Dolphins owner H. Wayne Huizenga was serious about wanting to sell his majority share of the team to co-owner Stephen Ross before Barack Obama became president.
Granted the sale didn’t take place during 2008, which means if capital gains taxes do increase this year, Huizenga is likely to be socked with a higher bill. But from what I’m being told, the deal to sell the additional 45 percent of the Dolphins and Dolphin Stadium was signed before Obama took the oath of office this afternoon.
Ross now owns 95 percent of the team and the stadium and 50 percent of the surrounding land. Huizenga, who maintains his attachment to the team calling the sale “bittersweet,” is hanging onto 5 percent of the team and stadium and half the land. Total value of the deal: $1.1 billion.
But with Tuesday’s deal, Huizenga gave up his last majority ownership in a South Florida sports franchise. In the 1990s, Huizenga owned three teams: the Dolphins, Marlins and Panthers. Huizenga brought both baseball and hockey to the region.
Tuesday began a new era. That wasn’t lost in Ross, a New York real estate developer and part-time Palm Beach resident.
“The United States is entering into a new climate, a new opportunity,” Ross said when asked about the sale being completed the same day Obama took office. “And I saw myself, being able to enter into a new opportunity for me that was very exciting, and I’ve always dreamt of.”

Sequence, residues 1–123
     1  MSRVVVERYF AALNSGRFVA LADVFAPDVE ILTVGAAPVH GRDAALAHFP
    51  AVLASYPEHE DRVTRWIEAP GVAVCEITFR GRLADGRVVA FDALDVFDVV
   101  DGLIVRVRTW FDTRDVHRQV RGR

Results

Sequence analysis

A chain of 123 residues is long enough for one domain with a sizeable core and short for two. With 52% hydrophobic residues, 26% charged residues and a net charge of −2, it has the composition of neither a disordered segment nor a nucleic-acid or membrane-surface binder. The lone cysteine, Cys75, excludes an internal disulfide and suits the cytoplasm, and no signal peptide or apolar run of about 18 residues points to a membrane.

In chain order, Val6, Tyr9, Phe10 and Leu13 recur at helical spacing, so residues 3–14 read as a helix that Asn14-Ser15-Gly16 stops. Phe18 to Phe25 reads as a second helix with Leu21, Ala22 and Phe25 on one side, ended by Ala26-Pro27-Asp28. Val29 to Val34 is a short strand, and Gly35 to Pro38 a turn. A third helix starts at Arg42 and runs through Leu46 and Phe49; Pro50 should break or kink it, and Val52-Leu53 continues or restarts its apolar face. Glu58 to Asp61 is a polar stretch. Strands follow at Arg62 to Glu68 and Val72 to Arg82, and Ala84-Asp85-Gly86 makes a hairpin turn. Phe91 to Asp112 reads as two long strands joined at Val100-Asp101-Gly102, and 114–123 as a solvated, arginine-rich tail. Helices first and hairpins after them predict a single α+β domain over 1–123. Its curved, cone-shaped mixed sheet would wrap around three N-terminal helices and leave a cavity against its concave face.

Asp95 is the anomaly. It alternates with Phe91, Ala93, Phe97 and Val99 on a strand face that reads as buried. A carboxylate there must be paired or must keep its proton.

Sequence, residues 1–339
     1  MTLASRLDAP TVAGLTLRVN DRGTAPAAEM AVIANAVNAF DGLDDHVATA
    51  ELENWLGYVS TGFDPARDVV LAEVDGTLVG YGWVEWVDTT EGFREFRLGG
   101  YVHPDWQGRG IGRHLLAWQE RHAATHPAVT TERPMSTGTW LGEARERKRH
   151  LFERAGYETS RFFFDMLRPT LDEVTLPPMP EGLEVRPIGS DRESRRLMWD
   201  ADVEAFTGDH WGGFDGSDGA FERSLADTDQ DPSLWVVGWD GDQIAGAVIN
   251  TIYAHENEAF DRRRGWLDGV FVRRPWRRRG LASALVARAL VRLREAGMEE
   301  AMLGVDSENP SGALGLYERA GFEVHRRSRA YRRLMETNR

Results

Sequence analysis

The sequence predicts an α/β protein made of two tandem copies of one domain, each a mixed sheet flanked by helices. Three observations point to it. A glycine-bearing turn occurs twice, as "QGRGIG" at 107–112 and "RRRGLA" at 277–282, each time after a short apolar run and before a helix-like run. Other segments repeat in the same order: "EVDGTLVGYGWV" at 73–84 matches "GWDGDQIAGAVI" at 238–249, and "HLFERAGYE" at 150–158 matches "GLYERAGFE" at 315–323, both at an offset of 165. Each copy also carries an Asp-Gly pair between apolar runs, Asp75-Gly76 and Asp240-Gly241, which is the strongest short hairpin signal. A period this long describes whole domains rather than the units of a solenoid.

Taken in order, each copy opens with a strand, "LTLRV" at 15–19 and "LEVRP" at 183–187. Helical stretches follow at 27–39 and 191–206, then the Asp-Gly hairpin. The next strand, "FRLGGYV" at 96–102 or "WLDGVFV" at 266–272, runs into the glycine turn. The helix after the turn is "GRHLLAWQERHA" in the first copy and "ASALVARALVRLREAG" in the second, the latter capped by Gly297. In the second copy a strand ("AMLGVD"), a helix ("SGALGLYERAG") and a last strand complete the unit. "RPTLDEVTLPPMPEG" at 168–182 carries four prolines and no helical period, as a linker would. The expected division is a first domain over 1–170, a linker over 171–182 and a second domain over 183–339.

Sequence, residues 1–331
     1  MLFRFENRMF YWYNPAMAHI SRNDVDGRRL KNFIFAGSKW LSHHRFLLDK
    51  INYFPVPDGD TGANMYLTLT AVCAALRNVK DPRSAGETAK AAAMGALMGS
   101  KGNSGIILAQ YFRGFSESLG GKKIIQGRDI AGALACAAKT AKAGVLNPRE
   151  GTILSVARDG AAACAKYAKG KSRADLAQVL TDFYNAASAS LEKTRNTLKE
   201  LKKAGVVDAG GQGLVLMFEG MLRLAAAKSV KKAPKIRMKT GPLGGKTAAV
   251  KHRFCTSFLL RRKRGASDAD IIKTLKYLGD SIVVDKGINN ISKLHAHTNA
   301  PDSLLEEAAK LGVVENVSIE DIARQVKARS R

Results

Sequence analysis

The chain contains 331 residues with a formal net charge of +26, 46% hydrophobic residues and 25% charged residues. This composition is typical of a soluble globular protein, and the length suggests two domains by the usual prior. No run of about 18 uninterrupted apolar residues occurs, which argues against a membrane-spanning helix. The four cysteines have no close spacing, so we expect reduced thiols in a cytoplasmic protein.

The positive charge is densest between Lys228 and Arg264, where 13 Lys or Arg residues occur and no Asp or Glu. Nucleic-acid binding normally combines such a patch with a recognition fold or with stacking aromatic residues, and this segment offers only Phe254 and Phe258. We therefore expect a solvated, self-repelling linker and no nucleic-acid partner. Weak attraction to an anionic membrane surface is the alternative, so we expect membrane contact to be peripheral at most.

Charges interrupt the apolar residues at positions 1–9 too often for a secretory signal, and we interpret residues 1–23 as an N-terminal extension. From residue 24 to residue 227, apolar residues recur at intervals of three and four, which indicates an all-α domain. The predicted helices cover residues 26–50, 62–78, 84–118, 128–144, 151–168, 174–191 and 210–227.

Ross wouldn't discuss the financial structure of the deal, but sources say Huizenga is holding a note on the transaction and allowing Ross to owe him a portion of the balance. He says he has been pursuing investors to buy a stake in the team.
"I always wanted to have a few people join me. And in these times, no one has joined me at this point in time," Ross said adding he is still talking with a few potential investors.
Ross didn’t reveal much about how he intends to run the Dolphins, other than he hopes to build on Huizenga’s legacy. He vowed not to increase ticket prices next season, saying now, in a struggling economy, was not the time to raise prices.
He said he plans to alter the game-day experience, but he didn't offer any details. He’ll examine the stadium and business side of the operation and the possibility for additional renovations or development, he said.
“We’re really looking into all of that and seeing the pricing of all of that and how we might put that together, but I’m examining every aspect of the business,” Ross said.
He said he never intended to offer a job to friend and former Kansas City Chiefs general manager Carl Peterson, who Ross invited to join him at the Dolphins-Baltimore Ravens playoff game.
He is still talking about former USTA CEO Arlen Kantarian possibly joining the team as a business side executive, but “there is no deal.”
And he offered some welcome news to those of us still in the newspaper business:
“When you love a sport which I do, I love all sports and am constantly reading the sports pages,” he said. “Even today, when I read the paper and I read a couple of them, the first section I go to is the sports section. You can’t get that out of your system no matter what you’re doing. I was brought up always wanting to be involved with sports, it’s always a dream. Since I wasn’t going to make it as a player, it was a dream to become an owner.”